★★★ / ★★★★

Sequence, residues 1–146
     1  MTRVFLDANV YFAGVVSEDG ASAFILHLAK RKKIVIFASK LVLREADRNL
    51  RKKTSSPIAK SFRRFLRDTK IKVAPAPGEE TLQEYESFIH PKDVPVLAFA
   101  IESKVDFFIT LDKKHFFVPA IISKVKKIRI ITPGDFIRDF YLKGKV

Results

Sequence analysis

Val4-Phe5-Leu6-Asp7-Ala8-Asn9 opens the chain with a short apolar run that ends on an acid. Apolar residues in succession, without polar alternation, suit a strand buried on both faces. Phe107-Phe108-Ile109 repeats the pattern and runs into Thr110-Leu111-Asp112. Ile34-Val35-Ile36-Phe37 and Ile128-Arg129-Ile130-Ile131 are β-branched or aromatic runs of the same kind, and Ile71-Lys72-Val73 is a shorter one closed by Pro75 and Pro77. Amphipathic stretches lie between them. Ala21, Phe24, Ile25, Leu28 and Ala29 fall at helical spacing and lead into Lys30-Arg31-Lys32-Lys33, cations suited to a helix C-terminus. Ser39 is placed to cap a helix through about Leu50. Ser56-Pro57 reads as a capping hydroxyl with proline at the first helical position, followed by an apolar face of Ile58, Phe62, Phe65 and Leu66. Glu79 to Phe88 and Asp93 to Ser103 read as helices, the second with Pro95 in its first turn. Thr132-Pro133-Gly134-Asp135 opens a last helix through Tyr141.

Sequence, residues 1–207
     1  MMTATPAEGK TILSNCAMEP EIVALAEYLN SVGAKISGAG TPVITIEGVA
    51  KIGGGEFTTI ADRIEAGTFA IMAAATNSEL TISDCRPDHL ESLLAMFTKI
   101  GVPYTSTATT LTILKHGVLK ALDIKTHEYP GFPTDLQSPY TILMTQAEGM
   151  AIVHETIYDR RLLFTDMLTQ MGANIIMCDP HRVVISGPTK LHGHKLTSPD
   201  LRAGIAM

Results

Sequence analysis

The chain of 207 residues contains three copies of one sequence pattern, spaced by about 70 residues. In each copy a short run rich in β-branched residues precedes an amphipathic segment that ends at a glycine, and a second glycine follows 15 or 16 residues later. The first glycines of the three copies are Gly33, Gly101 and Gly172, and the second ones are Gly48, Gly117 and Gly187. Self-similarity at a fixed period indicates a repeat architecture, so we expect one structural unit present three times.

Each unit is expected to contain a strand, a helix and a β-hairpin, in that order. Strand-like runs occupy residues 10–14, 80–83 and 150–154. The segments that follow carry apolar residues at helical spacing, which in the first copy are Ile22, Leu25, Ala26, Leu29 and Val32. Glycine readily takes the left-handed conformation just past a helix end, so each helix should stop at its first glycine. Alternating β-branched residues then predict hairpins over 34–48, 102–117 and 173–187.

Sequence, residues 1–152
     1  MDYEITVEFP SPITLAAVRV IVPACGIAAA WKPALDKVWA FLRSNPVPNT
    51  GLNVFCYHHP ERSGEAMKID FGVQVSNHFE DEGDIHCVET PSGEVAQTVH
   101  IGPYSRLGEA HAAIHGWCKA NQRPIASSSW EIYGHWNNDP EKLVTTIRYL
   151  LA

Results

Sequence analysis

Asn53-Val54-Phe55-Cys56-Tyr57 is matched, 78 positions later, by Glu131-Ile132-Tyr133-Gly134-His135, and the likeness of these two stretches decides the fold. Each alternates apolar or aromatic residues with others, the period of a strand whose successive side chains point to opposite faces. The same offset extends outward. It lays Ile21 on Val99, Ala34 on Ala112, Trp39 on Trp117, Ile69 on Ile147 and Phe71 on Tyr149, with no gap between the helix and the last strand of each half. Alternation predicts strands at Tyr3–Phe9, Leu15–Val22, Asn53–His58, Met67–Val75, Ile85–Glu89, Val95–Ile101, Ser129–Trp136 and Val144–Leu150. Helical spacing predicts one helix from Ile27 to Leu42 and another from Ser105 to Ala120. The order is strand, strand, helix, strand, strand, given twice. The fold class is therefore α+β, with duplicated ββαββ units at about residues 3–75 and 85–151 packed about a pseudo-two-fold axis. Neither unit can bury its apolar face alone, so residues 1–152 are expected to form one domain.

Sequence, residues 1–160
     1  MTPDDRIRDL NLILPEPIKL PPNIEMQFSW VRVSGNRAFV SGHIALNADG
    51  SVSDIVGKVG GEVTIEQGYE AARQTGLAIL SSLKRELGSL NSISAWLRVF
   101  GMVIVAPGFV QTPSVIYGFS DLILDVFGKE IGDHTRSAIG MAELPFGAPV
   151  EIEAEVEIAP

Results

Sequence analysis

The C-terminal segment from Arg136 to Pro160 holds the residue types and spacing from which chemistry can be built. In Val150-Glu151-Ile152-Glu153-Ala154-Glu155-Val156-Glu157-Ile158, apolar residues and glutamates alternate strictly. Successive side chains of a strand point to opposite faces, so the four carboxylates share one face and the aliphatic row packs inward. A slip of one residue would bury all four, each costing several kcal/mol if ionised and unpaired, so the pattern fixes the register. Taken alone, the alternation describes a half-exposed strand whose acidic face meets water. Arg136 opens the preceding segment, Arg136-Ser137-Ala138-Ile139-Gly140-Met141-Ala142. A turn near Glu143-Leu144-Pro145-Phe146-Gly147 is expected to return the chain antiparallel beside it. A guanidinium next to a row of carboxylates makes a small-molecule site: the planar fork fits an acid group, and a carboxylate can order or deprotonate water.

A chameleon named Rango (voiced by Johnny Depp) was throwing a play for himself, an inanimate fish and a headless barbie being his co-stars, when his terrarium was literally thrown off the car after his owner violently swerved on the freeway. He was left to fend for himself in the cruel desert until he met Beans (Isla Fisher), a strange lizard who unconsciously froze up from time to time, and the two headed to a town called Dirt. Beans and the Mayor (Ned Beatty) informed him that the town’s residents were in desperate need of water. Rango was to be sheriff in order to maintain law and order in the land. Written by John Logan and directed by Gore Verbinski, “Rango” was an unusual animated film because the characters were not adorable, more than half of the jokes appealed to adults, and the western milieu were not always easy on the eyes. However, I enjoyed it for those reasons because those elements were not something I immediately expected. I found myself focusing on the character’s facial expressions and body parts because they ranged from homely to downright strange. It was difficult not to appreciate the level of detail added in, for instance, a possum’s hair and the way they moved when the creature walked or the manner in which a lizard’s scale changed texture when it was doused with water. But the visuals were not only impressive when the camera remained static. There were a number of rather inspired visual acrobatics. I had two favorite action sequences. The first was when Rango was hunted by a hawk and he took refuge in an empty bottle. Just when we thought our protagonist was safe, it turned out that the hawk was smart enough to grasp the bottle by its neck, fly to a great height, and let go. The second involved a battle in the canyons between Rango and Dirtonians against the thieving moles that knew how to ride bats. They used guns and other explosives; it was absolute chaos but it was astonishing to watch because the things happening on the background were as interesting as things happening on the foreground. Halfway through the picture, I realized that perhaps the film was not for young children. Topics like death, torture, and mysticism were explored. Rattlesnake Jake (Bill Nighy) was introduced and exhibited true menace. One could easily get the feeling that he could eat any Dirtonian in one big gulp and not feel bad about it. The snake’s presence reminded me of Ron Clements and John Musker’s “Aladdin” when Jafar turned into a giant cobra. There was also a scene involving a Clint Eastwood-type figure known as the Spirit of the West (Timothy Olyphant) when Rango experienced an identity crisis. While I thought it was bearable, I wasn’t sure children could endure speeches about one’s place in the world. I enjoyed “Rango” because it wasn’t afraid to be different. It wasn’t cute but not all animated films need to be.